This work has been presented in 2017 ATW.

This work was supported by a grant for the 2017 Korean Society for Transplantation Sponsored Research Project.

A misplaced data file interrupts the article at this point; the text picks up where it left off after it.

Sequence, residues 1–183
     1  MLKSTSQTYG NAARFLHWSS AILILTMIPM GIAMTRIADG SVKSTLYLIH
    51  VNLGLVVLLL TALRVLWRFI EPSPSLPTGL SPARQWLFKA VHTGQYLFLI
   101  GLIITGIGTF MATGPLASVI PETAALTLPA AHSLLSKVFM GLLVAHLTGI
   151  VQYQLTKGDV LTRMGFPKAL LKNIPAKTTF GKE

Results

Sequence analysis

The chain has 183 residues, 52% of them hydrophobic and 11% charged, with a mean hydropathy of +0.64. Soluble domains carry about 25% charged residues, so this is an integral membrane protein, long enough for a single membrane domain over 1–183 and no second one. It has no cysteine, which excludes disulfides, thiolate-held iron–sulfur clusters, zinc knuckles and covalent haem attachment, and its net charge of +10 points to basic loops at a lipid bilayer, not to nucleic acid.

We would like to thank all the transplant clinicians and clinical pathologists from 49 institutes participated for the Questionnaire Survey. Here are the lists of institutes. Gacheon University Gil Medical Center, Kangdong Sacred Heart Hospital, Kaonyang University Hospital, Kyungpook National University Hospital, Keimyung University Dongsan Medical Center, Korea University Anam hospital, Bongseng Memorial Hospital, Samsung Medical Center, The Catholic University of Korea Seoul St. Mary's, Soon Chun Hyang University Hospital, Yonsei University Health System, Pusan National University Yangsan Hospital, Ulsan University Hospital, Ewha Womans University Mokdong Hospital, Inje University Haeundae Paik hospital, he Catholic University of Korea Incheon St. Mary's, Chosun University Hospital, Hanseo hospital, Hanyang University Medical Center, Kyung Hee University Hospital at Gangdong, Pusan National University Hospital, Seoul National University Bundang Hospital, Seoul National University Hospital, ASAN Medical Center, Ajou University Hospital, Yeungnam University Medical Center, Chonnam National University Hospital, Chonbuk National University Hospital, Inje University Ilsan Paik hospital, Catholic Kwandong University International St. Mary's, Konkuk University Medical Center, Kyunghee University Healthcare System, Korea University Ansan hospital, Korea University Guro Hospital, Kosin University Gospel Hospital, National Cancer Center, National Medical Center, GC labs, Daegu Catholic University Medical Center, Maryknoll Medical Center, Samkwang Medical laboratories, Samsung Changwon hospital, Soon Chun Hyang University Hospital Bucheon, Wonkwang University Hospital, Wonju Sevrance Christian Hospital, Inha University Hospital, Jeju Halla Hospital, Korea Organ Donation Agency (KODA), Chonnam National University Hwasun Hospital.